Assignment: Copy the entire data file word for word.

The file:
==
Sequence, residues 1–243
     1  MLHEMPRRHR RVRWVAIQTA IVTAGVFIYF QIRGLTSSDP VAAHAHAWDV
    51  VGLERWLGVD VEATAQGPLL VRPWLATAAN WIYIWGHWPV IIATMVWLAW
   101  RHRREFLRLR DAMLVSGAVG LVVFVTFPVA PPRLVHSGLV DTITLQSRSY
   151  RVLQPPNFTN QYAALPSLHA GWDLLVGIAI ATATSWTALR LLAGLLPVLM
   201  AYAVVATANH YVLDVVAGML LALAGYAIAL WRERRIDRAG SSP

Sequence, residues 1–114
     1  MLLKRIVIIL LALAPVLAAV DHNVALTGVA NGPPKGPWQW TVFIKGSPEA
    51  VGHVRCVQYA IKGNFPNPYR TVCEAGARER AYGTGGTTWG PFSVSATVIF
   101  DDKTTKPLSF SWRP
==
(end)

Sequence, residues 1–243
     1  MLHEMPRRHR RVRWVAIQTA IVTAGVFIYF QIRGLTSSDP VAAHAHAWDV
    51  VGLERWLGVD VEATAQGPLL VRPWLATAAN WIYIWGHWPV IIATMVWLAW
   101  RHRREFLRLR DAMLVSGAVG LVVFVTFPVA PPRLVHSGLV DTITLQSRSY
   151  RVLQPPNFTN QYAALPSLHA GWDLLVGIAI ATATSWTALR LLAGLLPVLM
   201  AYAVVATANH YVLDVVAGML LALAGYAIAL WRERRIDRAG SSP

Sequence, residues 1–114
     1  MLLKRIVIIL LALAPVLAAV DHNVALTGVA NGPPKGPWQW TVFIKGSPEA
    51  VGHVRCVQYA IKGNFPNPYR TVCEAGARER AYGTGGTTWG PFSVSATVIF
   101  DDKTTKPLSF SWRP